The northern hemisphere nations have closed the gap on their southern rivals in time for next year’s World Cup says 2003 winner Mike Tindall.
Six Nations teams won eight of their 14 meetings with Rugby Championship sides over the autumn.
“The gap has shrunk,” former England centre Tindall told BBC Radio 5 live’s Sportsweek.
“We’ve got a real good chance as a northern hemisphere to go down to that World Cup and cause some problems.”
At the 2015 tournament in England, eventual winners New Zealand were joined in the semi-finals by Australia, South Africa and Argentina.
Southern hemisphere teams have also won seven out of the eight World Cups held, with only England’s success under Sir Clive Woodward in 2003 breaking their dominance.
However, with 10 months until the 2019 tournament kicks off in Japan, there were a series of notable performance by the autumn international hosts.
Ireland recorded their first home win over world champions New Zealand,while Wales went unbeaten for the first time with victories over South Africaand Australia.
England beat South Africa and Australia either side of a single-point reverse to the All Blacks.
Scotland, who have also beaten Australia twice since the start of 2017, overcame Argentina at Murrayfield.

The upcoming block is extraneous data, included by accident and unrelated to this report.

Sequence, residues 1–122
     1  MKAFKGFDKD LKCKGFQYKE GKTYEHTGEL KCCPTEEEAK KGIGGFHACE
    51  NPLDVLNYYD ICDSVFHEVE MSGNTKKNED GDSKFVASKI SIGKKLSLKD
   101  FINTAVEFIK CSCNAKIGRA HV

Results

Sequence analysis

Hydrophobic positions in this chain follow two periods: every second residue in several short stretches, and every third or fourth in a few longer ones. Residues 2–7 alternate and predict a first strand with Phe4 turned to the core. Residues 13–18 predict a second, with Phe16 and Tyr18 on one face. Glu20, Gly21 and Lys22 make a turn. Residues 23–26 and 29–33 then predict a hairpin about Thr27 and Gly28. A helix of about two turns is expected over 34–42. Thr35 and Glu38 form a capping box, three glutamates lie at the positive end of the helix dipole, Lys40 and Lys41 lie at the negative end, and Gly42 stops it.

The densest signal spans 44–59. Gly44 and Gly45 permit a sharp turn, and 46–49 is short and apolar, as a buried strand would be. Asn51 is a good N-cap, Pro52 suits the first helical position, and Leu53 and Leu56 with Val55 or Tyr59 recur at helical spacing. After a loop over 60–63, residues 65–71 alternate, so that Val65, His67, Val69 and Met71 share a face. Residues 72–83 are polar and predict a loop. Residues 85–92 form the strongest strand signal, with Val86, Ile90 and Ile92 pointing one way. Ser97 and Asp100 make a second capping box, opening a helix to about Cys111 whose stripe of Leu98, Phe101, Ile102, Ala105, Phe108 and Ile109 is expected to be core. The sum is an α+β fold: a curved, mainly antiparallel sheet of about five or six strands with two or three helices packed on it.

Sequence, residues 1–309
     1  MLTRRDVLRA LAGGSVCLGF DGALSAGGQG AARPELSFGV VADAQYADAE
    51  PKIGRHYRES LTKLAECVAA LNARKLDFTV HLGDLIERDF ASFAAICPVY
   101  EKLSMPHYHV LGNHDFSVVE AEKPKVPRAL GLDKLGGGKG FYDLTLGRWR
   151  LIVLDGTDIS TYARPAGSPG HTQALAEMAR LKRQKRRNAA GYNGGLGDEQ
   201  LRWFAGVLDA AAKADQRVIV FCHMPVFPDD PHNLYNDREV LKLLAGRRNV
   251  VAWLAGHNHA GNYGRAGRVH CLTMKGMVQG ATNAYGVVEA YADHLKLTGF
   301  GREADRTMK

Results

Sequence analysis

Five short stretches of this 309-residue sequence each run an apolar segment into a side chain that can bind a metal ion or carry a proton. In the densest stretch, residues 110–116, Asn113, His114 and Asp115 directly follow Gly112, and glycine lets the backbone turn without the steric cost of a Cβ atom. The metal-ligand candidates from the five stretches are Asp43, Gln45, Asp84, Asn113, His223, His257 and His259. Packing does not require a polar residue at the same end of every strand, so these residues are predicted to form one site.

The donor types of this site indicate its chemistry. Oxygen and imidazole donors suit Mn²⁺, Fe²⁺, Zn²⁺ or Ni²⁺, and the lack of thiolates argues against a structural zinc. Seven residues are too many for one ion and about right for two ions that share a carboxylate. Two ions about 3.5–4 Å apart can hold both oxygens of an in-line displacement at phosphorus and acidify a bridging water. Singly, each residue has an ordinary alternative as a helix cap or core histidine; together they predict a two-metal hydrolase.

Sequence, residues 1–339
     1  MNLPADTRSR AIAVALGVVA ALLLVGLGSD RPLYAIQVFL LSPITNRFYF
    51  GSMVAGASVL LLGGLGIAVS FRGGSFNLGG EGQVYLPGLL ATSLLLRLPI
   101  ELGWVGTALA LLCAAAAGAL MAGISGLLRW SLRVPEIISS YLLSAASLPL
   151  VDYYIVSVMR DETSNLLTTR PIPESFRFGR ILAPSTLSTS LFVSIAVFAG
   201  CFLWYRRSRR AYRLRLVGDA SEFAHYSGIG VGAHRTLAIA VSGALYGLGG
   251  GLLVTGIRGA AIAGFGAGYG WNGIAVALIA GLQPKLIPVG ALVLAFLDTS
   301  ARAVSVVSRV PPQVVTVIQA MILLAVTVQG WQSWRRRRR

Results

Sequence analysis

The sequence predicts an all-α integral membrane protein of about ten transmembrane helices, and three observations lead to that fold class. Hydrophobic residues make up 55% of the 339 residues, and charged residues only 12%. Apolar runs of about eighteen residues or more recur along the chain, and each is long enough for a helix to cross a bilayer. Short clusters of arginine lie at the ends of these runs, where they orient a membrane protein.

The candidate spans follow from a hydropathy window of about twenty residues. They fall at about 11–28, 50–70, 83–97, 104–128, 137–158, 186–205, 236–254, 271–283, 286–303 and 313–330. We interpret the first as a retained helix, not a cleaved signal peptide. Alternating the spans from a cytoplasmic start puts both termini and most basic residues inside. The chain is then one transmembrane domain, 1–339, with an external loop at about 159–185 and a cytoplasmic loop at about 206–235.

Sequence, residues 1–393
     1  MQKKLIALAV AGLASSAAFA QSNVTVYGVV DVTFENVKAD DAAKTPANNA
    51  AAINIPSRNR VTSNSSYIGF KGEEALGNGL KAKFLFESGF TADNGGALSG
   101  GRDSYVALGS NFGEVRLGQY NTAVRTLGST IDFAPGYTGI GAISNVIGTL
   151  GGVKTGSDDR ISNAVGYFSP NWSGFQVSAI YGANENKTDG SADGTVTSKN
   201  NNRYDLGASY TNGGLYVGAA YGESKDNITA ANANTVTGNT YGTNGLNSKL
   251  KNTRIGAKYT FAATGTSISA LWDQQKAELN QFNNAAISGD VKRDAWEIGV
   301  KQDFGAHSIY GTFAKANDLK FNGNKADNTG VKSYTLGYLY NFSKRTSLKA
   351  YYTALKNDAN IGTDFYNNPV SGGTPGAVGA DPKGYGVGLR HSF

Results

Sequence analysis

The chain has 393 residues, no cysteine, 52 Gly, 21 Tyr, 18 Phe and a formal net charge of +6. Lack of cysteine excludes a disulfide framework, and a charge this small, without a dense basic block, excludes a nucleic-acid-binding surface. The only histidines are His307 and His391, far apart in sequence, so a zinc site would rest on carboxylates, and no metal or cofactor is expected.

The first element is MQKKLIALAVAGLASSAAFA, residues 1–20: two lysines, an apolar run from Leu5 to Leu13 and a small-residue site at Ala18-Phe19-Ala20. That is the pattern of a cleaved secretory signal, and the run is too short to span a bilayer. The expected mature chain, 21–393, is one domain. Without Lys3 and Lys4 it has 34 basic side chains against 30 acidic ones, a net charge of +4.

“Ireland are going to be the team to beat in the Six Nations,” added Tindall.
“I think with wins over New Zealand both this autumn and in 2016, they are going to feel confident whatever scenario they go into.”
‘They are the question marks you don’t want’
Tindall believes that England need to rediscover a more ambitious gameplan after recovering from a slump that featured six successive defeats earlier this year.
“We went through a phase of winning ugly for a long period of time and once you start losing games, where is your reference point to go back to when you were performing?” the 40-year-old added.
“We have just got to get back to playing with that high-intensity and high-tempo. If we can get back to doing that I know we have the players who will always compete.”
Coach Eddie Jones has claimed that he has narrowed down the field for his 31-man World Cup squad to 35 contenders.
But Tindall is concerned there are still some issues to be ironed out in the starting XV, with Owen Farrell having been moved to fly-half from inside centre during the autumn.
“This autumn has helped with the front row. All the guys that have come in, whether it be Ben Moon or Alec Hepburn have all sort of stood up and done a job. Kyle Sinckler has been outstanding,” he added.
“But we have still got question marks around what is our best back row and what we are going to do around nine, 10 and 12. They’re the question marks you don’t want.”